My son was busily memorizing digits of $\pi$ when he asked if any power of $\pi$ was an integer. I told him: $\pi$ is transcendental, so no non-zero integer power can be an integer.

After tiring of memorizing $\pi$, he resolved to discover a new irrational whose expansion is easier to memorize. He invented (probably re-invented) the number $J$:

$$J = 6.12345678910111213141516171819202122\ldots$$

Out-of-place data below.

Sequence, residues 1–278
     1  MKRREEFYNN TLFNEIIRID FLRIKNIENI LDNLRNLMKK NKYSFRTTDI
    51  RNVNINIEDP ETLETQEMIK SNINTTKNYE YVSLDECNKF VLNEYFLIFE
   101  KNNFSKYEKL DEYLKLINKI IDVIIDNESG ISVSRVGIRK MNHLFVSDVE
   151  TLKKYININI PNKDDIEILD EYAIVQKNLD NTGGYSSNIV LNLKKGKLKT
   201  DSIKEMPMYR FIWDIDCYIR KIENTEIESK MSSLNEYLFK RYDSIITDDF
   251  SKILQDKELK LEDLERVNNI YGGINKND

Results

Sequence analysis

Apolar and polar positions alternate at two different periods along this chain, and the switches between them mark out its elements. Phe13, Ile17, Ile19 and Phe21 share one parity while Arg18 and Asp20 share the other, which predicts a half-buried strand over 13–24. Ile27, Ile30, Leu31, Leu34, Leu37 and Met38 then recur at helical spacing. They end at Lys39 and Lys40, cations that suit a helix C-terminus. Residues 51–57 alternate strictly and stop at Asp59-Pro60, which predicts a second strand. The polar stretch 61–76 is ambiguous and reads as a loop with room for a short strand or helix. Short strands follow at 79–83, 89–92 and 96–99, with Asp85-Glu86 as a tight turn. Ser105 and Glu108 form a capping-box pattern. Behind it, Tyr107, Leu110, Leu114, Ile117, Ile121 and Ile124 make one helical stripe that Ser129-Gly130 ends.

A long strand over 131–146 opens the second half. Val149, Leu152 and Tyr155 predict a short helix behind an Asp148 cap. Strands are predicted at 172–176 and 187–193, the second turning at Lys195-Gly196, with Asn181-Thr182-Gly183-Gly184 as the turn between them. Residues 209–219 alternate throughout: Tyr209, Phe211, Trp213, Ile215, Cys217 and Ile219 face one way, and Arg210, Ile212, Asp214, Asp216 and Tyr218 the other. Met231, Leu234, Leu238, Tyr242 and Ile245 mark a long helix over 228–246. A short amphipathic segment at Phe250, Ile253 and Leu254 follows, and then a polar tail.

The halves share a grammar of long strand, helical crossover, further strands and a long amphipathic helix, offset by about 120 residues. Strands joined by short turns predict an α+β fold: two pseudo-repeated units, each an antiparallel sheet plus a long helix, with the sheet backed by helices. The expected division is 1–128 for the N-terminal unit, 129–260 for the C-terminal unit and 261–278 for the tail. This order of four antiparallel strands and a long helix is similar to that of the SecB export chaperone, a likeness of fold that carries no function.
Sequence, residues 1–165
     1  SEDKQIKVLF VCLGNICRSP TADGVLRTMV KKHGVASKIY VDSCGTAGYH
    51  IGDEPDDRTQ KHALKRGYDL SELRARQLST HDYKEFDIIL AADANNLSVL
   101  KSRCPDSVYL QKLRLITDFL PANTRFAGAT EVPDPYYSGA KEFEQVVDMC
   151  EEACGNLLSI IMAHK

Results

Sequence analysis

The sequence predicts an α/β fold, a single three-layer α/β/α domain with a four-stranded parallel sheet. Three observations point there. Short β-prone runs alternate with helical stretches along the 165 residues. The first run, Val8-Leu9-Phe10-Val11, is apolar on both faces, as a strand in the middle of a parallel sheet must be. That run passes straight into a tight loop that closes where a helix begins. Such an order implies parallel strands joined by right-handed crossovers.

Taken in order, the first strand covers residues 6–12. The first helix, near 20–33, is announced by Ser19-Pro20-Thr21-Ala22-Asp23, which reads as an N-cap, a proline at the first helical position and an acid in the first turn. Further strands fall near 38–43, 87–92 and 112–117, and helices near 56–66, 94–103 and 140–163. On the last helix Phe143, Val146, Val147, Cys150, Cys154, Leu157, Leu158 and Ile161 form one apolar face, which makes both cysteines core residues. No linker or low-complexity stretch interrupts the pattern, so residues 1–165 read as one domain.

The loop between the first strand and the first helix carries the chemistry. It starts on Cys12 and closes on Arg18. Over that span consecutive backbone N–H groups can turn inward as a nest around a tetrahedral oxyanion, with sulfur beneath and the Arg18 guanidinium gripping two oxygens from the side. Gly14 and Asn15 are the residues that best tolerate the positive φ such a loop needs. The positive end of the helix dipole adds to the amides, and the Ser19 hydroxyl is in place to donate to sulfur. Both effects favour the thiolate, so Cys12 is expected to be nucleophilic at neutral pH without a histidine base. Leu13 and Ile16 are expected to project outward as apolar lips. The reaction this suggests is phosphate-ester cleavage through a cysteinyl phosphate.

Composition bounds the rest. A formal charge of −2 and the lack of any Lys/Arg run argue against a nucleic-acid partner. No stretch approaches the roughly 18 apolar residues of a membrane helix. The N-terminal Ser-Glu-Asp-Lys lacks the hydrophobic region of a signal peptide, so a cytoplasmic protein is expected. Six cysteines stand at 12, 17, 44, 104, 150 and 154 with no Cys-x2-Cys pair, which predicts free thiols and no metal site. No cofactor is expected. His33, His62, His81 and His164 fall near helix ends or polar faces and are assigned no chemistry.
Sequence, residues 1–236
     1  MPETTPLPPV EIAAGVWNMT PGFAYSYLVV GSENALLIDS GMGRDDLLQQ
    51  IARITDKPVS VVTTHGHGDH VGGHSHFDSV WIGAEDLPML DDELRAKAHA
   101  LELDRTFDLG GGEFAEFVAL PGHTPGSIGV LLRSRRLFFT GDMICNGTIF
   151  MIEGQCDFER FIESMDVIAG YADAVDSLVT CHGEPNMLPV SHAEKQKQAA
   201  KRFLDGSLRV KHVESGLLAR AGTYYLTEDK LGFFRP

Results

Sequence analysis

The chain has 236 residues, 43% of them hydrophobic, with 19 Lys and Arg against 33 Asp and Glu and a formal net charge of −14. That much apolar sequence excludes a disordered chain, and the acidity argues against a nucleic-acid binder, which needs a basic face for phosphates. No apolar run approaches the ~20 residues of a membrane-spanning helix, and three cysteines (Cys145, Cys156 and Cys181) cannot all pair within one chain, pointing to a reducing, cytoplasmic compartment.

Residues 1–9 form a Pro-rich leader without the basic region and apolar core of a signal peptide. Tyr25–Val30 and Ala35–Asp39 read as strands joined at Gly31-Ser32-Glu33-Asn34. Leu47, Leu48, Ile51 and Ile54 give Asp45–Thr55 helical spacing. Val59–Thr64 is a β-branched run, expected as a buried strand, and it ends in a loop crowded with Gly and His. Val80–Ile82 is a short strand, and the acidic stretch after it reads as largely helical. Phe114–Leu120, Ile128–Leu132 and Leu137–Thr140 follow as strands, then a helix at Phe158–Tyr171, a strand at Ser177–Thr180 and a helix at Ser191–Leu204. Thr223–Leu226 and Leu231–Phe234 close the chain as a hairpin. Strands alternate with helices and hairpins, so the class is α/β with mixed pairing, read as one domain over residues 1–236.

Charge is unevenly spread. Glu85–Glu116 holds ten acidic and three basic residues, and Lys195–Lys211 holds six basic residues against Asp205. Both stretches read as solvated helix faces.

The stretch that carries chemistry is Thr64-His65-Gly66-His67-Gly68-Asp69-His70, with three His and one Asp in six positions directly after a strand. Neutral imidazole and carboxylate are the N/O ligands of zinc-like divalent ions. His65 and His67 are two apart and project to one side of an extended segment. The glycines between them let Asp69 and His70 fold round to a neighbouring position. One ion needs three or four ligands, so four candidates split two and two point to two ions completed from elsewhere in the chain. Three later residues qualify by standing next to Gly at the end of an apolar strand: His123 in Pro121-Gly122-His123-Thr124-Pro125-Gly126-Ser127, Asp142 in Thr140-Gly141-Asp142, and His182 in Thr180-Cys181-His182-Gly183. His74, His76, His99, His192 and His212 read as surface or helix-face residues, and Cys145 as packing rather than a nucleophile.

which clearly lets you name as many digits as you like pretty easily. He asked me if $J$ is transcendental just like $\pi$, and I said it must be but I didn't know for sure. Is there an easy way to determine this?

I can show that $\pi$ is transcendental (using Lindemann-Weierstrass) but it doesn't work for arbitrary numbers like $J$, I don't think.